Statewide test results: low-income students score 27.4 points lower at Washington Attendance Center
The achievement gap shows an 0.3-point improvement in scores between low-income and non-low-income students. Of the 337 students enrolled in 2018, 59.1 percent were low-income – or 199 students.
The achievement gap measures how one group of students academically outperforms another. The Illinois State Board of Education collects data on the persistent gap between groups by race and ethnicity, income level and gender.
The Partnership for Assessment of Readiness for College and Careers, or PARCC, is administered to third- through eighth-graders in Illinois, testing them in reading and math based on Common Core standards. A composite score combines the results of the subject tests.
According to Washington Attendance Center composite scores for 2018, 31.1 percent of low-income students passed the tests. Meanwhile, 58.5 percent of non-low-income students passed.
Students who passed either met or exceeded expectations are considered prepared for the next grade level, college or work. Students who failed either partially met, approached or did not meet expectations.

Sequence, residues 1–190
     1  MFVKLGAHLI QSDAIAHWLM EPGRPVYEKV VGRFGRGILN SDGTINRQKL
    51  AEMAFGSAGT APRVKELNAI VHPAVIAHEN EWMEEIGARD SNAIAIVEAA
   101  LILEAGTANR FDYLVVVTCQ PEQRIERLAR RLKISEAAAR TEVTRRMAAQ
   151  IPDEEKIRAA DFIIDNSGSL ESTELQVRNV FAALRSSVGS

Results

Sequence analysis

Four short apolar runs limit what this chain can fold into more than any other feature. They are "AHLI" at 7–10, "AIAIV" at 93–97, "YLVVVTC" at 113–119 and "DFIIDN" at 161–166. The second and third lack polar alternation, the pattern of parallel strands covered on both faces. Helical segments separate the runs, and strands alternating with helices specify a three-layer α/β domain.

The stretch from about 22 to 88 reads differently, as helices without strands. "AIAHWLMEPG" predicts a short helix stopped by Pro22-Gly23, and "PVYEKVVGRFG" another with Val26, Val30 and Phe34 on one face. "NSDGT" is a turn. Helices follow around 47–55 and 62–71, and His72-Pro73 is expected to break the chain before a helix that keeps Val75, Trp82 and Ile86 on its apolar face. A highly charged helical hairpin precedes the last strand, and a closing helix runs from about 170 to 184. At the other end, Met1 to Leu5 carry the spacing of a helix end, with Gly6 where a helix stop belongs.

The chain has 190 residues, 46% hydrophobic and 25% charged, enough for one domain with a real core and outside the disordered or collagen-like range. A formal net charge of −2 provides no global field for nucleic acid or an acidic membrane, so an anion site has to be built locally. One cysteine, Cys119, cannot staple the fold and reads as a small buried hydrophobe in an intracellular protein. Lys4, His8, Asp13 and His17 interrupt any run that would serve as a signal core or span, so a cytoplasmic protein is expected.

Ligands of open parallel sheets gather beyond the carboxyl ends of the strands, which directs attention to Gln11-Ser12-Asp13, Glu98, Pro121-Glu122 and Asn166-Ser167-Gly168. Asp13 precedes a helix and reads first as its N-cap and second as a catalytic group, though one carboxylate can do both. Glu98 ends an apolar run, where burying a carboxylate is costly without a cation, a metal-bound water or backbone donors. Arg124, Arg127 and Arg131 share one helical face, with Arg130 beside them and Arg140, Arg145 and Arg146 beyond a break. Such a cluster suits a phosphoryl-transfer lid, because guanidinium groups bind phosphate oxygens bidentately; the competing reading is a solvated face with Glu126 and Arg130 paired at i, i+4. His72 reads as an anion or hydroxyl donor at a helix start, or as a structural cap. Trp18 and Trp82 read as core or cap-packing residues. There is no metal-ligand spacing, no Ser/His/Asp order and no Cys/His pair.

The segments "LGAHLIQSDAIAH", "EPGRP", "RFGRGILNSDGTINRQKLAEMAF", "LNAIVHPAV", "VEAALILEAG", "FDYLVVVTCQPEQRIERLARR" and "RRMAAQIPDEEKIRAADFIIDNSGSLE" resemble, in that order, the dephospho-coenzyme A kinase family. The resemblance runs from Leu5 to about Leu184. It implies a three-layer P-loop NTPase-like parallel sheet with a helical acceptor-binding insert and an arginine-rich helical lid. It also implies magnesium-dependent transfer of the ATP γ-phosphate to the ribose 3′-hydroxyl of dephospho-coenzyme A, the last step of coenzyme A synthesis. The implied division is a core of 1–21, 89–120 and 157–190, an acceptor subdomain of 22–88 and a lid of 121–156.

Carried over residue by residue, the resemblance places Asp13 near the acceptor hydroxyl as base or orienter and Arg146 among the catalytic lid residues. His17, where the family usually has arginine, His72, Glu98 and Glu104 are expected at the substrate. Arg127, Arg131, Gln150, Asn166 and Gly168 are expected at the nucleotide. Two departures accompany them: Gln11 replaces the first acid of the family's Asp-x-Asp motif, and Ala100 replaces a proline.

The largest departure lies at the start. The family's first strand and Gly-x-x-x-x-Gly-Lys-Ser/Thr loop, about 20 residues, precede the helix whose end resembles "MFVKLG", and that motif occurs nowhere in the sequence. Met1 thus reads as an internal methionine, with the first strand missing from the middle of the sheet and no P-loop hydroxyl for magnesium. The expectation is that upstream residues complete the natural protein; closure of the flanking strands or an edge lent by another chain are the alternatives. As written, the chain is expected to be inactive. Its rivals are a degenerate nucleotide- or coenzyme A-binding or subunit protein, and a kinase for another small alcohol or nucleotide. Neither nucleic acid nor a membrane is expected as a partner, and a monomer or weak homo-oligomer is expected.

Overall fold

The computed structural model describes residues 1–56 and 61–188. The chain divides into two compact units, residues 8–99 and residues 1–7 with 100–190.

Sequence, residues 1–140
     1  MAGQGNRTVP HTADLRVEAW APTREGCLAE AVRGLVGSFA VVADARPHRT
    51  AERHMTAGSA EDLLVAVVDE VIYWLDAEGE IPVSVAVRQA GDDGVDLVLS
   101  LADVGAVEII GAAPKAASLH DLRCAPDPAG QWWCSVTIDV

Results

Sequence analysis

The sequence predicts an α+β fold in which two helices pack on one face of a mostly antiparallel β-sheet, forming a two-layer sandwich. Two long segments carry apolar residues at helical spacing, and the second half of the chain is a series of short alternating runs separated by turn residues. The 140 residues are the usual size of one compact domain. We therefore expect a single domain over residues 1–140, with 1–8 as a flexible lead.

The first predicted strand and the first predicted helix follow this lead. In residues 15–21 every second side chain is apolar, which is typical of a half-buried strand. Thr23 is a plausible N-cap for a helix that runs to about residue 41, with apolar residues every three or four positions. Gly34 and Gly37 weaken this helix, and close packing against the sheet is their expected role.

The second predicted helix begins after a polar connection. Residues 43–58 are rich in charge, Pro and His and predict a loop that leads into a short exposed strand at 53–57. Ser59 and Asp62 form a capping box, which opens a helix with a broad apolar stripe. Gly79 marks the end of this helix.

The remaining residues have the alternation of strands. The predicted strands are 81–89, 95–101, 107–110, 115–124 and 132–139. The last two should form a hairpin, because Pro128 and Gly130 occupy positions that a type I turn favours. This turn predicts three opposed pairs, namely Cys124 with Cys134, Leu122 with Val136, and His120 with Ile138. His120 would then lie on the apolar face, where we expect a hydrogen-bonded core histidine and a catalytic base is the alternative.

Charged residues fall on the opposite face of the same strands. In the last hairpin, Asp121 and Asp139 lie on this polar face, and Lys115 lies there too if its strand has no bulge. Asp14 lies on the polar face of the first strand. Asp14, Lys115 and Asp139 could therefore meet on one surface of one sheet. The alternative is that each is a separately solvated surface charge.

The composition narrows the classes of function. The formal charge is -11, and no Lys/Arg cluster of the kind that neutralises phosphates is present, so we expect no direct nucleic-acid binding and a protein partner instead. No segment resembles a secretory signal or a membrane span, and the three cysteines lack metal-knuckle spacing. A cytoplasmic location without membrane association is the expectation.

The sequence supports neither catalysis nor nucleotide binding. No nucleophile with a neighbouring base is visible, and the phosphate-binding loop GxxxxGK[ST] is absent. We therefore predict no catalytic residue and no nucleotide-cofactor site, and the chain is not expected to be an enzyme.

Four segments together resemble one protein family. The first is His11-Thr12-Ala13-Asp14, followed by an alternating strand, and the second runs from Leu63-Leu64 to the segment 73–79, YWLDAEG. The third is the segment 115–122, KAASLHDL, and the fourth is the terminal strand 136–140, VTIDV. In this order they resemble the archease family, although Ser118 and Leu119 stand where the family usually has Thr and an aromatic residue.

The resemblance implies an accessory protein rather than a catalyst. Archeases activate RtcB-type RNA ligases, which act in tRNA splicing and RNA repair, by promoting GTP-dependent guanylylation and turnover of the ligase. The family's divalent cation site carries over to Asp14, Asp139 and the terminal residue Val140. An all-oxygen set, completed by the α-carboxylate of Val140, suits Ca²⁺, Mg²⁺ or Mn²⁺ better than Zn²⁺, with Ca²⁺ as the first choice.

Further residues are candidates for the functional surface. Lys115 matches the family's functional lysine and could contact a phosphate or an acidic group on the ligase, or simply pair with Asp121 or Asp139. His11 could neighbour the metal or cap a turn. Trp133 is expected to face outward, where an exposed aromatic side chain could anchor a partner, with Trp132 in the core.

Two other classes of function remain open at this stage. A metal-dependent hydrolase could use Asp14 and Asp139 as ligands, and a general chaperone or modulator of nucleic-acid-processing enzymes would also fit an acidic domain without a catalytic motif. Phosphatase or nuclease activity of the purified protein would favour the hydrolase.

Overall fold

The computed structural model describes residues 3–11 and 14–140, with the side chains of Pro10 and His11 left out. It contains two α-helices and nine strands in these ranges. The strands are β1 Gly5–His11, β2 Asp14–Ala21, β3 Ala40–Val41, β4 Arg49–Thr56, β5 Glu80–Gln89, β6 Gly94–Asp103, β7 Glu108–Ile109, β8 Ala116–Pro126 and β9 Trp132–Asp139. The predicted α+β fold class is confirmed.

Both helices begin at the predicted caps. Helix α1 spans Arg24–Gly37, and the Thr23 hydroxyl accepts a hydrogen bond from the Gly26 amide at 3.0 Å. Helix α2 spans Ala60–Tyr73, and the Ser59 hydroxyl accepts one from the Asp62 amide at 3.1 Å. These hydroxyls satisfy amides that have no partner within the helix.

The achievement gap is smaller for English language arts scores and larger for math scores.
There is a 21.4-point gap between low-income and non-low-income students' English language arts scores in 2018 – a 7.2 point decline since 2017. In 2018, 38.2 percent of low-income students passed the reading subject test. Meanwhile, 59.6 percent of non-low-income students passed.
There was a 33.4-point gap between low-income and non-low-income students' math scores in 2018: 24 percent of low-income students passed while 57.4 percent of non-low-income students passed.
Washington Attendance Center's income level achievement gap over 4 years
The achievement gap at SE Illinois schools